Will UCLA be forced to subsidize Cal for financial damages for moving to the Big Ten?
The die is cast, as UC regents begin investigation into UCLA’s move to Big Tenmost likely at the request of California Governor Gavin Newsom.
What might a potential successful and practical outcome look like for Cal?
It’s safe to say that UCLA is unlikely to return to the Pac-12. UC Regents don’t have the power to block such a move to the Big Ten, because the UC system is constitutionally free from any state obligationespecially in terms of contracts.
But that doesn’t mean there can’t be repercussions. There are serious discussions about the financial complexities that UCLA’s decision has imposed on their Berkeley big brothers.
Jon Wilner indicated that the UC regents were exploring financial remedies to make the move from UCLA as uncomfortable as possible.
Multiple sources believe the Regents will consider forcing the Bruins to subsidize Cal’s athletic department, which stands to lose millions each year in Pac-12 distributions due to the loss of the Los Angeles market.
Details of a power move by the Regents are unanswered at this point, including how the money would be redirected.
We’re not sure they can touch Big Ten revenues; instead, they might have to collect state stipends from UCLA.
The California Golden Bears are currently facing nine-figure sports repayments due to their financially reckless debt service on Memorial Stadium. Although UC Berkeley’s central campus has already taken on half the debt service to reduce the $440 million to just over $200 millionmuch relief is unlikely to come in the coming years.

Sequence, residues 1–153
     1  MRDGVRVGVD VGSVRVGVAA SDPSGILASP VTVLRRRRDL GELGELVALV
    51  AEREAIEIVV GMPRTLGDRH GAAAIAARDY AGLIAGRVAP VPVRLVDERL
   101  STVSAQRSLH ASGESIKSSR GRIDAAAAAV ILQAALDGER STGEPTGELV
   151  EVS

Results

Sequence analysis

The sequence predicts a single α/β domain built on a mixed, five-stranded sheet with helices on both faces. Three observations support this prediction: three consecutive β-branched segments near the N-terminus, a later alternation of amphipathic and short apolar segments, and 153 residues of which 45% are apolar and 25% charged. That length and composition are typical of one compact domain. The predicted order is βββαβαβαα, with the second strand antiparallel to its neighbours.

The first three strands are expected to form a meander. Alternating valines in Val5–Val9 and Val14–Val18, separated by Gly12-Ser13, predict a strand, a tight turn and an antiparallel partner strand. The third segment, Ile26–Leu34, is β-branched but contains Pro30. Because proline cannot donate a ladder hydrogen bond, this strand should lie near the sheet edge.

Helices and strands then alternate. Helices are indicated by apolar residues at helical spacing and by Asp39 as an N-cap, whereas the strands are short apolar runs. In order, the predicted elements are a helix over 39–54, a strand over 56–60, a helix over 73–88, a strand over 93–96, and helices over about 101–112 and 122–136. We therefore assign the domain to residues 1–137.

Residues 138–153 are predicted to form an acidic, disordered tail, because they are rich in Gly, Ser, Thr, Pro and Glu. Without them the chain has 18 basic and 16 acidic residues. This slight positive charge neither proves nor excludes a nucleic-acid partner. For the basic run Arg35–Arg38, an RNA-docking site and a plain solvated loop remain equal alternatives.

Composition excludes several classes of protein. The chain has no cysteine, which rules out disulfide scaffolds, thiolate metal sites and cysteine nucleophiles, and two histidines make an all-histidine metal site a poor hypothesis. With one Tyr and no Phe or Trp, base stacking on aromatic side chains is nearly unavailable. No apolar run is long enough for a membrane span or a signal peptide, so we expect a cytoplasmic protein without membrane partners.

Under the terms of the stadium renovation, Cal Athletics initially only had to repay the annual interest. But the terms change in the 2030s.
By the end of the decade, Cal will have to start paying principal rather than just interest, via a survey by KQED and reported by reputable Cal California site Golden Blogs. These payments originally ranged from $24 million to $37 million per year. They’ve probably come down a bit thanks to UC Berkeley taking on some of the debt service, but there’s probably still eight-figure annual payments required.
With ESP sales lagging, the hope was that the new Pac-12 TV deal could pick up the slack. The hope is that with ESP ticket sales for premium seats at Memorial Stadium and stronger television contracts, Cal would be able to repay that principal well in time. USC and UCLA leave the Pac-12 greatly affects this calculation.
So the UC regents might investigate UCLA’s decision and find that even if the Bruins make a ton of money for themselves, it’s canceled by Cal, potentially defaulting on debt by a reduced Pac-12 TV deal and likely lower ticket sales (USC and UCLA are the second and fourth average draws on the Pac-12 slate). More CGB via KQED report:
Although the Berkeley campus has pledged for Athletics to repay its debt, the Regents are ultimately responsible for the bonds.
If there’s one thing I’m sure of, it’s that the state of California doesn’t want ANY part of the management of its flagship university that isn’t repaying its debt.
Even if UCLA does not have to answer to the State of California, it is still a public university in the State of California, and thus harming the flagship university would have serious consequences. UC Regents must exercise due diligence to ensure they protect their most valuable assets.